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Community showed support for Owen Stewart benefit at the Chalet on Saturday

Owen Stewart was diagnosed with a rare skull condition when he was 15 months old. He survived many tribulations in his life including being pre-mature and then going through four reconstructive surgeries. He is now four years old and doing well. He took a break from playing during his benefit at the White Mountain Chalet on Saturday to have his picture taken with his family. (From left to right sister Amber; Owen being held by his mother Lisa Stewart; sister Kylie; father John Stewart; and sister Rebecca) Photo by Jody Houle. (click for larger version)
February 06, 2013
BERLIN Owen Stewart was playing and having a blast on Saturday at the White Mountain Chalet. Over 150 people came to support him after all the struggles he and his family went through recently. He is quite a survivor, and furthermore, a pure miracle.

Due to a rare condition called craniosynostosis, he has been through four reconstructive surgeries in efforts by CHaD (Children's Hospital at Dartmouth) to correct the forming of his skull. His family is extremely grateful to CHaD and the neural and plastic surgeons at Dartmouth/Hitchcock for all the great work the staff did in correcting him and for their kind hospitality. "They were great," said Owen's mom, Lisa Stewart. "After his last surgery, he asked when he could go back."

Owen was born pre-mature six weeks early and almost died at birth. Then at 15 months, he was diagnosed with his condition and received his first surgery. In the early development of an infant's life, the skull is in sections unattached and each piece will normally fuse together after the pieces meet. In Owen's case, the pieces fused before they met making his head the size of an early teenager. The first surgery was expected to be the only one. The top and side of his skull were removed and placed back in an effort to correct its formation. He had multiple blood transfusions. His eyes were swelled shut and his head swelled. Mom and Dad, John and Lisa Stewart, waited and slept in the same room overnight. They went home and hoped for the best. At three years old, the doctors decided that Owen needed another surgery.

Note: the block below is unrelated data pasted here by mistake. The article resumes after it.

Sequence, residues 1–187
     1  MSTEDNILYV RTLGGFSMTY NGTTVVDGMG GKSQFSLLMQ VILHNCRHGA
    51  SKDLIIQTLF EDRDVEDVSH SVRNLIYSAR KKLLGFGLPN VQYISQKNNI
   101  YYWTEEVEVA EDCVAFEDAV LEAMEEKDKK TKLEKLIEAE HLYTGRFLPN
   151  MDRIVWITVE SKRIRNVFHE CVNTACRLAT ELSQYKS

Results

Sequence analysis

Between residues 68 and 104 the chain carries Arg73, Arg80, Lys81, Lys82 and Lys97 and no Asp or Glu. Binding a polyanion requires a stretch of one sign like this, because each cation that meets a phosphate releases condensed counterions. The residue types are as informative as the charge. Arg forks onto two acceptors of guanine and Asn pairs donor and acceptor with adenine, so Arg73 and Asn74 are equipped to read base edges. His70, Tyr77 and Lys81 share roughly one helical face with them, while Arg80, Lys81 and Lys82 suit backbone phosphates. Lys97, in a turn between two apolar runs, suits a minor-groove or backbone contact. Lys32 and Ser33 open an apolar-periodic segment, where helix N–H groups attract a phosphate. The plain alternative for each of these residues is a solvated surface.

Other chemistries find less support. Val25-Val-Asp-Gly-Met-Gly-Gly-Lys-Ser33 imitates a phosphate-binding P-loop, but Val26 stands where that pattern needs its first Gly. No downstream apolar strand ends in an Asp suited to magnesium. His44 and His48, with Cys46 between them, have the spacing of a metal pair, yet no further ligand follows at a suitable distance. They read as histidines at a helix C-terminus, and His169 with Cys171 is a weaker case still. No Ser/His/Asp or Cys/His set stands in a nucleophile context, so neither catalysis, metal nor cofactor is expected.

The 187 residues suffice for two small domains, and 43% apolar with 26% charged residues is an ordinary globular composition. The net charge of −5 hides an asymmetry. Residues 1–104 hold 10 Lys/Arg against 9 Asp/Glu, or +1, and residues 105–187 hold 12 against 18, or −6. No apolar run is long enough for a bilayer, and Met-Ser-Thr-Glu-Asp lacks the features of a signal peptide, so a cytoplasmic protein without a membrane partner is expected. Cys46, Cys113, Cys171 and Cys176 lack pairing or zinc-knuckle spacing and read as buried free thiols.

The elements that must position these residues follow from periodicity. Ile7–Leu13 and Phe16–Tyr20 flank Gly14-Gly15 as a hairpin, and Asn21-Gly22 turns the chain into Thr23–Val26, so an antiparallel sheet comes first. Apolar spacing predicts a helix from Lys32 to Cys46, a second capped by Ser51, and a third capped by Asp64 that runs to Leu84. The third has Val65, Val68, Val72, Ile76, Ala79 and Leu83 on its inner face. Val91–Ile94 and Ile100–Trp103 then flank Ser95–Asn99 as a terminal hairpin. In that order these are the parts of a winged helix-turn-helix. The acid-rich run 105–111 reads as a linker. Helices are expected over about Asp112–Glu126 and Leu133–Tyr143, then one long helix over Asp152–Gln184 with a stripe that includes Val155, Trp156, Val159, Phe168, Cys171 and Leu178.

This time, the back of his skull was removed and put back together. A stitch had come undone leaking a little on the first night, and this prevented major swelling. He had to go through more blood transfusions again. There was a big improvement in his head formation this time, but it wasn't over.

In August during his third surgery, the top and side of his skull were removed and a device called a cranial distractor was used in the process. Two metal plates attached to two titanium rods were attached to his skull. Every day for two weeks a special ratcheting screwdriver was used by the family to open his head 1/3 mm at a time for a total of 1mm per day. Some unexpected complications suddenly occurred his blood pressure raised significantly and he was put on a breathing respirator for two days. He received an MRI/CT scan in the meantime, but nothing was revealing the cause. It took a while to bring him back to the right blood pressure readings. He was very sick and could not hold down food, and wasn't very responsive or active. This worried the family and the doctors.

One morning, Owen woke up and was back to himself. He was talking, laughing, eating, and playing. Literally overnight, it seemed a miracle had occurred. The following week, the family got another scare -- while his sister was holding his hand, he had fallen and broke one of his rods at his dad's softball game. Fortunately, the doctors at Dartmouth easily replaced it.

During his fourth surgery, the plates and rods were removed and some areas were fixed. He had lost a lot of blood again but he was well enough to go home the next day, although he was sick for a few hours. The doctors are fairly confident that he should not need any more surgeries. By the time he is an early teen, his head is expected to be the appropriate size proportionate to his body.

Owen is now four years old and he is doing very well.

At the benefit on Saturday many community supporters, friends and family members celebrated the miracle of Owen. Crafts were made and sold by many businesses, food was served, a 50/50 raffle was held, and Rock Bottom, a local rock band, donated their services and performed for a night of dancing. Owen could be seen being very playful and full of smiles.

The family would like to thank everyone in the community who has donated and been supportive including Nancy Younie who didn't know the family, but volunteered to help put on the benefit. Also, the family thanks all who donated during the CHaD marathon held for Owen in October, and everyone who sent checks. "There are too many to name," said Mrs. Stewart.

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